Who doesn’t love a lighthouse? They recall the romance of ages past and simpler times. Some people enjoy the remoteness, others like the scenic locations.
The idea of lighting coastlines and harbors by fire to assist mariners dates back millennium. One of the early lighthouses is credited to Themistocles, c. 524–459 BCE, an Athenian politician and general, who established a lighthouse, which was a small stone column with a fire beacon at the harbor in Piraeus connected to Athens in the fifth century BCE.
In this day of GPS and satellites, the iconic symbol of the sea seems mostly relegated to the past. One estimate states that there are still more than 18,600 lighthouses worldwide, not all still in use and many are museums.
A rare rocky promontory on a sand island is home to one such lighthouse. Cape Moreton Lighthouse on the island of Moreton was the first lighthouse to be built in Queensland. It was constructed as a New South Wales light in 1857 before Queensland became a separate colony. It was built because of the increasing traffic to the northern coast. For a long time was the only light on 3,236 miles of coastline.
The entrance into Moreton Bay, near the island, is scattered with wrecks that attest the notoriousness of the bay. The tower was built using sandstone quarried on the island. The tower was added to in 1928. The original light source was oil wick, but it was converted in 1930 to pressurized acetylene gas. That was followed seven years later by a conversion to 240v electricity. Solar conversion took place in 1993.
The lighthouse sits on the northern point of Moreton Island. On the west side of the island is Tangalooma, which was the location of Queensland’s first and only whaling station from 1952 to 1962. Today, it serves as a small resort that serves mainly day trippers from Brisbane.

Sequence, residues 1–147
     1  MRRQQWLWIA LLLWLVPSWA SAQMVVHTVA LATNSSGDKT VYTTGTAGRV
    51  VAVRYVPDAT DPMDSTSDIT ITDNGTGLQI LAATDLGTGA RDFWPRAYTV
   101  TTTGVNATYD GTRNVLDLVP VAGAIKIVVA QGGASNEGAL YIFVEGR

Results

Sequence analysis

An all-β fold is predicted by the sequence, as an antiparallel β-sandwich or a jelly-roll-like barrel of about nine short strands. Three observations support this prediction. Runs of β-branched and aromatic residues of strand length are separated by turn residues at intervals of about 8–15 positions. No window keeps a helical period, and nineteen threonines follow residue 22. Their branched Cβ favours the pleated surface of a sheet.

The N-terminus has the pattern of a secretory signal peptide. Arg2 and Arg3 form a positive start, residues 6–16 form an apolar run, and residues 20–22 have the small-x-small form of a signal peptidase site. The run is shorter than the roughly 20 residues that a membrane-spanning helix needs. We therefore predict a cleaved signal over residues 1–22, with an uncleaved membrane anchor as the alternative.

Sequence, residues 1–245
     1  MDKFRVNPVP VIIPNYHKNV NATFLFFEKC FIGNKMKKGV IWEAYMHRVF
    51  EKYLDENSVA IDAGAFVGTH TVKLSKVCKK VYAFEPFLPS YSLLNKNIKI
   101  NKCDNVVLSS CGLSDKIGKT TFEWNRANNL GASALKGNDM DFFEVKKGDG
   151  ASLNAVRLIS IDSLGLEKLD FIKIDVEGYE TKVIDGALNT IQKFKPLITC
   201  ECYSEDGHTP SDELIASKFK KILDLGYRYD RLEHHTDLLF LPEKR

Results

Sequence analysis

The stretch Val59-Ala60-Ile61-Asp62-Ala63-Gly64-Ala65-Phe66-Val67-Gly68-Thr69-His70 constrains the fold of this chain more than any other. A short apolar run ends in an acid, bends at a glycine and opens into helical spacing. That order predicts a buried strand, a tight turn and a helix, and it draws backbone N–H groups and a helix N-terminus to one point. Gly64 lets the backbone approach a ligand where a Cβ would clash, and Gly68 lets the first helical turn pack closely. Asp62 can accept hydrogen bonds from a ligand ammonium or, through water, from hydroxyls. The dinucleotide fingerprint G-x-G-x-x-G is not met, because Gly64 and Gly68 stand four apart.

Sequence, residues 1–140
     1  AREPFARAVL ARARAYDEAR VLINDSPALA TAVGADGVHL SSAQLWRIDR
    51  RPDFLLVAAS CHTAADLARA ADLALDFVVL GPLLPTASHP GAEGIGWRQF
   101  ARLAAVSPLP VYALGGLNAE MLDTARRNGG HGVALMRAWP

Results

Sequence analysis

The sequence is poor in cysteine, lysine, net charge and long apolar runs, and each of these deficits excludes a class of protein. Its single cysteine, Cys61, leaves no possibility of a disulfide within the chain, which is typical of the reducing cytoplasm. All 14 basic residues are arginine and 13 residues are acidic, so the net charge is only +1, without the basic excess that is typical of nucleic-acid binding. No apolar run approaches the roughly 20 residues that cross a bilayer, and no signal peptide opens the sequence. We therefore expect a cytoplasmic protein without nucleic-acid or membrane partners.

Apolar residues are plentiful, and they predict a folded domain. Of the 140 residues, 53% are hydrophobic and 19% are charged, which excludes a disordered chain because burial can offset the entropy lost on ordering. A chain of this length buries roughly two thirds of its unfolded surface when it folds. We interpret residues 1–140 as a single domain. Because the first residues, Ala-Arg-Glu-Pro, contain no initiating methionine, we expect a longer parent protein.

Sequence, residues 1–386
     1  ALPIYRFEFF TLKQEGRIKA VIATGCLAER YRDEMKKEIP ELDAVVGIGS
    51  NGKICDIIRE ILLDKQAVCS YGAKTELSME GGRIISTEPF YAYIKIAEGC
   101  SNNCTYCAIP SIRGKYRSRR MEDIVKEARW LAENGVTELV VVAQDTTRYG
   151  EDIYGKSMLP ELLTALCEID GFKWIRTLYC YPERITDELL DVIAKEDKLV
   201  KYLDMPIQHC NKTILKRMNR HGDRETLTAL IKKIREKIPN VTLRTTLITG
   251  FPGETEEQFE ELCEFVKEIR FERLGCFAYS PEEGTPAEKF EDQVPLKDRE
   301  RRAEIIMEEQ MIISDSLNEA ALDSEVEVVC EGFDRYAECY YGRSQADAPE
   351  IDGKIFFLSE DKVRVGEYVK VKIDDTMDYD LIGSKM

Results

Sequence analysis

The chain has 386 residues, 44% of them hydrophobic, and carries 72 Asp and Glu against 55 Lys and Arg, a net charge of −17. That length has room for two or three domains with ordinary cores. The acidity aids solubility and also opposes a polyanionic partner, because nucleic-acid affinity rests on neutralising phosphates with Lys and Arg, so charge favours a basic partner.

During our President’s Picks: Australia Down Under Canvas, you have the opportunity to take a ferry to Moreton Island to enjoy dolphin feeding or join in a 4WD tour of the island, which includes the lighthouse. You can also try sand tobogganing or simply relax at Tangalooma Resort.
Other happenings in this program include leisurely touring by bike of Brisbane, one of Australia’s oldest cities. It features more than 17 miles of scenic bicycle pathways surrounding the Brisbane River and city center. Explore Bamurru Plains, an extraordinary wilderness nestled on the coastal floodplains of the Mary River Delta just west of Kakadu National Park in Australia’s Northern Territory. Learn about Margaret River wine region as well as savoring a smorgasbord of great foods, boutique breweries and colorful arts and crafts galleries. In Bouddi National Park, take in an Indigenous Didgeridoo Smoking Ceremony and relish a guided tour hosted by traditional Aboriginal Elder.
Quite simply, the 15-day President’s Picks: Australia Down Under Canvas features enough activities from private cooking classes to a gourmet wine tour of the Hunter Valley Region, to kayaking and paddle boarding, to please almost any traveler to Australia.
P.S…. After one canceled flight, one schedule change and a forced over, Big Five’s pres is in LA, still trying to get to Australia. Maybe tonight, Ashish? Stay tuned for more of the big guy’s travel adventures.
Or, should I say a hidden gem? Actually, it is both. The name Chapada Diamantina can be translated as the Diamond Highlands. It sits smack at the geographical center of the state Bahia, 249 miles from Salvador, Brazil.
If you love hiking through deep valleys and canyons, past stunning peaks, swimming in natural pools, then the isolated Chapada Diamantina National Park is clearly for you. Explore dramatic caves such as Lapa Doce. Formed by an underground river, the cave system runs over 14 miles. Some of the chambers have 66-foot ceilings. Discover unique aquatic plants and fish in the river and the beautiful lake. Not far away is Pratinha’s crystal lake with opportunities to zip line or snorkel inside Pratinha Cave; and the impressive Devil’s Pool Waterfall beckons you to take a swim.
This seems like the perfect place to get lost for a time, but the trick is to find it. You’ll need to get out your GPS to discover its location – or just ask us.
The park is close to Salvador, yet few outside the area know about it. This was not always the case. The first inhabitants of these mountains were the indigenous Brazilians. It was not discovered by Europeans until the early 1700s. The Portuguese crown was aware of gold in the northern area of Chapada Diamantina so by 1720 the government had legalized gold mining, so the quest for more gold went on for two centuries. A mere 12 years later, the Portuguese discovered diamonds were in the mountains but they did not go after them for fear of Spain’s intervention.